I’m not going to turn this into a post about how deadlifting gives you dat booty. We met our quota with those when the first one was published/posted/put on the internet. However, in 1992 Sir Mix A Lot, without conscious effort and through his lyrics, described the deadlift in one curt line.
“I’m long, I’m strong and I’m down to get the friction on.”
Mix A Lot wasn’t talking about deadlifting. He was describing the prowess of his manpendage and his affinity for grinding naughty bits, but he gave us a template for deadlift success with an adjective and two nouns—long, strong and friction.
Before you “double up, ugh ugh” and rip iron from the earth you have to get long—in the spine, not the pants. When it comes to the spine, long means neutral. Check it out:
Before you lock in to get strong; get long—and that means with a packed neck/tucked chin/don’t look at the fucking ceiling. If you pinch your spine by extending your neck then your spine is no longer long. Stay long, like anaconda long.
Strength is always the mean’s end of the deadlift, but for the purpose of description, at least at this moment, strength equates to pre-lift tension. It starts with the feet; twist them into the ground with solid external rotation. The tension chain continues with the breath; get it low in the belly and activate the inner-core. This sends the message that your spine is safe and you can activate higher threshold motor units.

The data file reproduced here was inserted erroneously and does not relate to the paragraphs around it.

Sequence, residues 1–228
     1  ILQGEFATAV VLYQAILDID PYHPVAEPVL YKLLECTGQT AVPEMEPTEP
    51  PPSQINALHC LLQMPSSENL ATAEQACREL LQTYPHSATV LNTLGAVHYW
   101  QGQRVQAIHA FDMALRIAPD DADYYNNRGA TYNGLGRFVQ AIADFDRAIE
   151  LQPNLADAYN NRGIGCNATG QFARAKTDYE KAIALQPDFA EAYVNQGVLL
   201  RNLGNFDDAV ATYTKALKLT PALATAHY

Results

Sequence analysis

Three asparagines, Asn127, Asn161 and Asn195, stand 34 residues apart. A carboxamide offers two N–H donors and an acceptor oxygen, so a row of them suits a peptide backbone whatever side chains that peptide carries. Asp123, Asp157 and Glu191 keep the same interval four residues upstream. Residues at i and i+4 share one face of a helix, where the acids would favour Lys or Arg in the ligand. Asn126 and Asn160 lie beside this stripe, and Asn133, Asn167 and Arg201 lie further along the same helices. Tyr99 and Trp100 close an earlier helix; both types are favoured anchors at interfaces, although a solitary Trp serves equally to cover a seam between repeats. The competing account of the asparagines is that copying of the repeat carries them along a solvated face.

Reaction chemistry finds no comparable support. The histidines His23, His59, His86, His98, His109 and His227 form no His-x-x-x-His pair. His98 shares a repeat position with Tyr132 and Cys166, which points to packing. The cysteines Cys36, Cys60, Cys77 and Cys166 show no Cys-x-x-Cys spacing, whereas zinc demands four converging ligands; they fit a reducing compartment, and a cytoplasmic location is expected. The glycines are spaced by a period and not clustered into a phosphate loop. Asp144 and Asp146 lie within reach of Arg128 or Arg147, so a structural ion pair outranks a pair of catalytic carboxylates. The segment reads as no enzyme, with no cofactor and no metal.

Now, set your grip like you’re trying to rip a Grizzly bear’s throat out. It sounds graphic, but seriously, grab the bar that hard. It’s another message to your brain that your body is safe to generate a lot of force.
Finish by packing your neck. Tension in the cervical region is the final link in the chain that connects you to the high threshold monster you’re becoming.
If the words aren’t sinking in, I know some people are better suited as visual learners, check out the short video below.
As I mention in the intro, deadlifting goes a long way in molding a derriere. It will put a motor in the back of your Honda, but it doesn’t do wonders for the shins. That is if you’re doing it right. That’s where friction comes in.
Pulling appreciable weight requires good leverage—and to maintain that good leverage one must keep the weight close to the body. Put simply—drag the damn bar up your legs.
From start to lockout the bar should never leave the legs. Two simple cues keep the bar in a great path—push the floor and pull the bar into your body.
After creating strength through tension at the set-up, driving the floor away pops the weight off of the floor, but this is where most ladies and gents get into trouble; they let the bar drift away from them. But since we’re down to get the friction on, we are going to keep strong lat tension and pull the bar into our body. The bar will stay in a good path, you’ll pull more weight and your shins will bleed. Don’t worry, chicks dig scars. (Well, at least the chicks worth hanging out with do).
Who knew that Sir Mix A Lot was a lifting coach? Me.
P.S. Insert obligatory phrase about deadlifting/crushing plates and eating steaks/using motor oil to brush your teeth. Rock. (1906)